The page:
Running HippUnfold with Singularity


  1. Singularity or Apptainer is installed on your system. For more info, see the detailed apptainer install instructions.

  2. The following command-line tools are installed:

    • wget

    • tar

  3. Sufficient disk-space

    • in your /tmp folder (>30GB) to build the container (not needed for dropbox download)

    • in your working folder to store the container (~15GB)

    • for HippUnfold outputs (~4GB per subject)

  4. Sufficient CPU and memory - the more you have, the faster it will run, but we recommend at least 8 CPU cores and 16GB memory.

First time setup

Pull the container:

singularity pull khanlab_hippunfold_latest.sif docker://khanlab/hippunfold:latest

Run HippUnfold without any arguments to print the short help:

singularity run -e khanlab_hippunfold_latest.sif 

Use the -h option to get a detailed help listing:

singularity run -e khanlab_hippunfold_latest.sif -h

Note that all the Snakemake command-line options are also available in HippUnfold, and can be listed with --help-snakemake:

singularity run -e khanlab_hippunfold_latest.sif --help-snakemake

Note: If you encounter any errors pulling the container from dockerhub, it may be because you are running out of disk space in your cache folders. Note, you can change these locations by setting environment variables, however, using a network file system for the folders may result in poor performance and/or errors e.g.:

export SINGULARITY_CACHEDIR=/YOURDIR/.cache/singularity

Running an example

Download and extract a single-subject BIDS dataset for this test:

tar -xvf hippunfold_test_data.tar

This will create a ds002168/ folder with a single subject, that has a both T1w and T2w images:

├── dataset_description.json
└── sub-1425
    └── anat
        ├── sub-1425_T1w.json
        ├── sub-1425_T1w.nii.gz
        ├── sub-1425_T2w.json
        └── sub-1425_T2w.nii.gz

2 directories, 6 files

Now let’s run HippUnfold.

singularity run -e khanlab_hippunfold_latest.sif ds002168 ds002168_hippunfold participant -n --modality T1w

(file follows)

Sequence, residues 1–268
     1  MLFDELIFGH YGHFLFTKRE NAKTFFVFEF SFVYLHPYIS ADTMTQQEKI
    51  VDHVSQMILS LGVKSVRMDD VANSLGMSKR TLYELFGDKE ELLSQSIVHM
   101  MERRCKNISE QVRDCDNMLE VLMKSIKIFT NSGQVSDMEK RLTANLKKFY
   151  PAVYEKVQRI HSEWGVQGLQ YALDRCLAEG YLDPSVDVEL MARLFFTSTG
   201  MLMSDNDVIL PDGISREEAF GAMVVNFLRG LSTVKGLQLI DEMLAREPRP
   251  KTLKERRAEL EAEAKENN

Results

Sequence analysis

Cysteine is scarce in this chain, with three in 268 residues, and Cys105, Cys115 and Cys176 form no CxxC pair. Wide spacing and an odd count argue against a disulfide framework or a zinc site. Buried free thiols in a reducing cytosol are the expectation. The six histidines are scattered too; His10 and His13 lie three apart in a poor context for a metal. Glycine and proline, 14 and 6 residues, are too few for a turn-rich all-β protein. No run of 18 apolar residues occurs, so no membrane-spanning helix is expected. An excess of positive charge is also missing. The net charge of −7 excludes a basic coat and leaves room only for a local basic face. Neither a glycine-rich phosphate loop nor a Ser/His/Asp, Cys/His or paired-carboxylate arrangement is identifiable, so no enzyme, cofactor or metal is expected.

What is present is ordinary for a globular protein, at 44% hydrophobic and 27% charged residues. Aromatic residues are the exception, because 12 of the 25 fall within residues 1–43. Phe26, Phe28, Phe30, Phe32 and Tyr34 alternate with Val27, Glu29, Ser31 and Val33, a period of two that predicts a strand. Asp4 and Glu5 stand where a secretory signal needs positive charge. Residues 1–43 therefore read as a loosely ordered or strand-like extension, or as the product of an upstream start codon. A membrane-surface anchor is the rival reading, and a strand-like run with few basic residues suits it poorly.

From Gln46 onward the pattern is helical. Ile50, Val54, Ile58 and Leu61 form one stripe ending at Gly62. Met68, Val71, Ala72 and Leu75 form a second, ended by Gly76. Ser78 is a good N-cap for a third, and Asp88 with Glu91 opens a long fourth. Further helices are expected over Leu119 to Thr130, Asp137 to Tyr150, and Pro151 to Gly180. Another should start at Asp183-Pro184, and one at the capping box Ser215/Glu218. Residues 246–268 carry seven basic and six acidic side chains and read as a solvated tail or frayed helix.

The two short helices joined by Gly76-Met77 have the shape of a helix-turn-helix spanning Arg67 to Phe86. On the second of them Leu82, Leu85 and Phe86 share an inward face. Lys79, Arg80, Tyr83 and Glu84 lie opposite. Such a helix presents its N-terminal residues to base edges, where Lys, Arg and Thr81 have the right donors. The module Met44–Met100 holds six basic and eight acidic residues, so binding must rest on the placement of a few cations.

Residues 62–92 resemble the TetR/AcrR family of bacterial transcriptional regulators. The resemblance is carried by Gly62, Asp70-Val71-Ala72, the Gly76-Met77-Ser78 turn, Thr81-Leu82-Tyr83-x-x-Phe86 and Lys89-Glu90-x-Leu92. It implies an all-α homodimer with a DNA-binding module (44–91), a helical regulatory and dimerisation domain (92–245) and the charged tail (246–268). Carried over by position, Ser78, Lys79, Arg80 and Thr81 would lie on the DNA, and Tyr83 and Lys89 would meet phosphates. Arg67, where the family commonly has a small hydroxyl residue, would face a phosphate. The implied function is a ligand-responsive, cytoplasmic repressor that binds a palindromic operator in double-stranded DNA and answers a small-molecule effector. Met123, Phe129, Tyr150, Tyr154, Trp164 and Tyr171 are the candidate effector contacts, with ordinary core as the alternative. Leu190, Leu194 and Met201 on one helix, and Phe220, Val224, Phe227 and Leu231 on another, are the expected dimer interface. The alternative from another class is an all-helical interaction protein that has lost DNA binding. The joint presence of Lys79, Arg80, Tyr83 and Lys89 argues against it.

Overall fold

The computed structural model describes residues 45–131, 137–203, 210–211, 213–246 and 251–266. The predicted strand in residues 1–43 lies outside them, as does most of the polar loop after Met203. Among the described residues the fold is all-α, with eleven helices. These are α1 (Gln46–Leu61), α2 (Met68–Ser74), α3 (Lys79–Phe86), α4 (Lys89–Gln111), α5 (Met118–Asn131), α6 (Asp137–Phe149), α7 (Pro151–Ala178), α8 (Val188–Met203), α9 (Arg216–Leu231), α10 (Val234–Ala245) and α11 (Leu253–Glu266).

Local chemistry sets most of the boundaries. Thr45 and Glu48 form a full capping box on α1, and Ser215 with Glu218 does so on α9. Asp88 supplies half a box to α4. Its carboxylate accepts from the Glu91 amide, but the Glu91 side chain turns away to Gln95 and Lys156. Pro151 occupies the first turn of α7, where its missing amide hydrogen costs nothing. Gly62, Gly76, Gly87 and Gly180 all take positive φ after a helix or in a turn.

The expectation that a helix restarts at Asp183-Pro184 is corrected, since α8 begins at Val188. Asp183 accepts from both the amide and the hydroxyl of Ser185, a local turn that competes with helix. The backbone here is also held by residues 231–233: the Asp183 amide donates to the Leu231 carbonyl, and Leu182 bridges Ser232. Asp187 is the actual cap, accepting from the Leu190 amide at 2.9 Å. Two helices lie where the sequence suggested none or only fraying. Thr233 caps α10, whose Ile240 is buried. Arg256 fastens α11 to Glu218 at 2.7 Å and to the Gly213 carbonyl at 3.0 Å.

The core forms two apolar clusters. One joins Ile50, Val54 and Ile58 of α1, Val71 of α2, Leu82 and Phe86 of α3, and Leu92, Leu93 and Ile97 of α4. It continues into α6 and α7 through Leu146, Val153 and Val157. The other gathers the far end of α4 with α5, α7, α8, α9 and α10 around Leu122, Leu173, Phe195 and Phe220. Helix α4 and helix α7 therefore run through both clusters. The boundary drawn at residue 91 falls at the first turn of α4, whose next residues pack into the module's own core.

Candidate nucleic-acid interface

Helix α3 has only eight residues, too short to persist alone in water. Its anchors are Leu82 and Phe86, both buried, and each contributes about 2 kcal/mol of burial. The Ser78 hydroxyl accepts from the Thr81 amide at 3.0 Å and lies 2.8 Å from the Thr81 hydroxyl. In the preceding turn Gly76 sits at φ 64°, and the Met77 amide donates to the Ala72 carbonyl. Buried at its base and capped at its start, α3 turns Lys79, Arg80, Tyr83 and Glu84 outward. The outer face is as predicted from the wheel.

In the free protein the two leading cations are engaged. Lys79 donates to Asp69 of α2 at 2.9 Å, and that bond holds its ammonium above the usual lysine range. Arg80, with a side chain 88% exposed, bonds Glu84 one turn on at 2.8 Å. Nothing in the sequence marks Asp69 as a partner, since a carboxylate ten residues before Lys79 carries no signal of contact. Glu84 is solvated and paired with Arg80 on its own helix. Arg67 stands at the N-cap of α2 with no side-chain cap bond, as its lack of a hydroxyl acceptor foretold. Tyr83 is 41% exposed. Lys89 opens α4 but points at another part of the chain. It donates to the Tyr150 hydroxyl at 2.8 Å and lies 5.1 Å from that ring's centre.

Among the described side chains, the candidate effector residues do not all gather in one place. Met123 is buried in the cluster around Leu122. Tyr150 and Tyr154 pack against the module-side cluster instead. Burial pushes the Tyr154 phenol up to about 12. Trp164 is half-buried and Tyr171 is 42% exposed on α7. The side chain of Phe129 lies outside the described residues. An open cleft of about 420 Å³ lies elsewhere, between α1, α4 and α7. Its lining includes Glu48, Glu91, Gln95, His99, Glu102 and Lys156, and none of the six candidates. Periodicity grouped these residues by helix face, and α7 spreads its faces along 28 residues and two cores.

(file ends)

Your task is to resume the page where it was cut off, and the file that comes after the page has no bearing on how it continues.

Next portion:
Everything prior to the container (khanlab_hippunfold_latest.sif) are arguments to singularity, and after are to HippUnfold itself. The first three arguments to HippUnfold (as with any BIDS App) are the input folder (ds002168), the output folder (ds002168_hippunfold), and then the analysis level (participant). The participant analysis level is used in HippUnfold for performing the segmentation, unfolding, and any participant-level processing. The group analysis is used to combine subfield volumes across subjects into a single tsv file. The --modality flag is a required argument, and describes what image we use for segmentation. Here we used the T1w image. We also used the --dry-run/-n option to just print out what would run, without actually running anything.

When you run the above command, a long listing will print out, describing all the rules that will be run. This is a long listing, and you can better appreciate it with the less tool. We can also have the shell command used for each rule printed to screen using the -p Snakemake option:

singularity run -e khanlab_hippunfold_latest.sif ds002168 ds002168_hippunfold participant -np --modality T1w | less

Now, to actually run the workflow, we need to specify how many cores to use and leave out the dry-run option. The Snakemake --cores option tells HippUnfold how many cores to use. Using --cores 8 means that HippUnfold will only make use of 8 cores at most. Generally speaking you should use --cores all, so it can make maximal use of all the CPU cores it has access to on your system. This is especially useful if you are running multiple subjects.

Running the following command (hippunfold on a single subject) may take ~30 minutes if you have 8 cores, shorter if you have more cores, but could be much longer (several hours) if you only have a single core.

singularity run -e khanlab_hippunfold_latest.sif ds002168 ds002168_hippunfold participant -p --cores all --modality T1w

Note that you may need to adjust your Singularity options to ensure the container can read and write to yout input and output directories, respectively. You can bind paths easily by setting an environment variable, e.g. if you have a /project folder that contains your data, you can add it to the SINGULARITY_BINDPATH so it is available when you are running a container:

export SINGULARITY_BINDPATH=/data:/data

After this completes, you should have a ds002168_hippunfold folder with outputs for the one subject.

Exploring different options

If you alternatively want to run HippUnfold using a different modality, e.g. the high-resolution T2w image in the BIDS test dataset, you can use the --modality T2w option. In this case, since the T2w image in the test dataset has a limited FOV, we should also make use of the --t1-reg-template command-line option, which will make use of the T1w image for template registration, since a limited FOV T2w template does not exist.

singularity run -e khanlab_hippunfold_latest.sif ds002168 ds002168_hippunfold_t2w participant --modality T2w --t1-reg-template -p --cores all

Note that if you run with a different modality, you should use a separate output folder, since some of the files would be overwritten if not.